Blogger Paul Burnett drew a line between Pat Robertson’s call for the assassination of Hugo Chavez, president of the United States’ fourth-largest oil supplier, Venezuela, the price of gasoline and hybrid cars. This prompted Randwolfe to post the entire Venezuelan constitution to the discussion thread. That’s right. The entire constitution. When a few folks came to the defense of Chavez, Chris responded, "Marxists never created anything, including a hybrid car. Every car that you can buy, including the beloved Prius, was designed and built by a capitalist’s corporation. So it seems that Mr. Chavez is not really in tune with the hopes and dreams of a hybrid elite (sic). So why defend the despot? I wonder what kind of mileage the old Soviet cars got?" Lolita quickly answered, "Much better than Hummers."

By Bradley Berman
Are carmakers thinking about rising gas prices? You bet they are. The reality of $65 plus for a barrel of oil and $3 for a gallon of gas has put lumps in their throats. They didn’t particularly want to pause and question their collective decision to continue producing ever-larger, ever-more powerful, fuel-inefficient vehicles. Consumers have forced them to pay attention. R.L. Polk, a market research firm, surveyed 500 vehicle owners in August. 55 percent said they would change the type of vehicle they buy on their next purchase. "Loyalty among owners of large cars and full-size SUVs has dropped more than that of any other vehicle segment over the past year," said Lonnie Miller, director of industry analysis for the Polk Center for Automotive Studies. "More consumers are opting out of these gas guzzlers for compact SUVs and midsize cars." 84 percent said they would consider buying a hybrid vehicle.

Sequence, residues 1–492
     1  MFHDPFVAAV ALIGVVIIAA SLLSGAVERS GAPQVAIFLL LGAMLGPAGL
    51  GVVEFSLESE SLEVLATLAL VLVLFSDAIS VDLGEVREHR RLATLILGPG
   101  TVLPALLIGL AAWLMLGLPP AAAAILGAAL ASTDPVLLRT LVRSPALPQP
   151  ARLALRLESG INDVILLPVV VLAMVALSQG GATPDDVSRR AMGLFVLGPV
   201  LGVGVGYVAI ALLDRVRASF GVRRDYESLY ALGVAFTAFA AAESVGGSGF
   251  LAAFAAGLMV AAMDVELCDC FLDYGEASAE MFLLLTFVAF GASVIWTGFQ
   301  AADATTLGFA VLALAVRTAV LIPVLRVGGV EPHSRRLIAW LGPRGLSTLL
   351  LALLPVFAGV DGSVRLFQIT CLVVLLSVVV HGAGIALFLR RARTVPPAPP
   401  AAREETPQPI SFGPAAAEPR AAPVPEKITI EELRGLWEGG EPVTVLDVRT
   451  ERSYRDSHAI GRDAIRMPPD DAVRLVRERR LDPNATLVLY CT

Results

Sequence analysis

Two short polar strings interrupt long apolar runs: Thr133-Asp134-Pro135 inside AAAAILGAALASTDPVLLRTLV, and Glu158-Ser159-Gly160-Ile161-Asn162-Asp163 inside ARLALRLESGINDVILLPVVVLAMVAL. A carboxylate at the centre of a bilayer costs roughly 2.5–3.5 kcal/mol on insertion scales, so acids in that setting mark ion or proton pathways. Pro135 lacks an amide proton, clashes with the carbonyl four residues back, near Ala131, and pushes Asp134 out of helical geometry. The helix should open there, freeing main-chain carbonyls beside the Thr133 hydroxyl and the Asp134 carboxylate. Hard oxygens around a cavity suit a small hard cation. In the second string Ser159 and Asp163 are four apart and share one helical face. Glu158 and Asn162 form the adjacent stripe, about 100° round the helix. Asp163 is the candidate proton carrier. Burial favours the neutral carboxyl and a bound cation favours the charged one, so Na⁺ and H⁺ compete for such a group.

American and Japanese automakers may have started to think about the effect of rising gas prices; however, that thought has not resulted in action. All the carmakers, Toyota and Honda included, are doing precious little about it. In August, Environmental Defense issued a report about the continued rise of automobile carbon emissions, which is directly tied to fuel efficiency. The study examined emissions increases from 1999 to 2003. G.M.’s model year 2003 vehicles will emit 6.4 million tons of carbon annually, the biggest carbon burden among automakers. But Toyota should not be let off the hook. Although the Toyota’s fleet-average CO2 emissions rate worsened by 2.9 percent, less than other major automakers, it still reflects a harmful trend. John DeCicco, the lead author of the report, said, "While the company cultivates a green image, Toyota is merely staying on top in what remains a race to the bottom."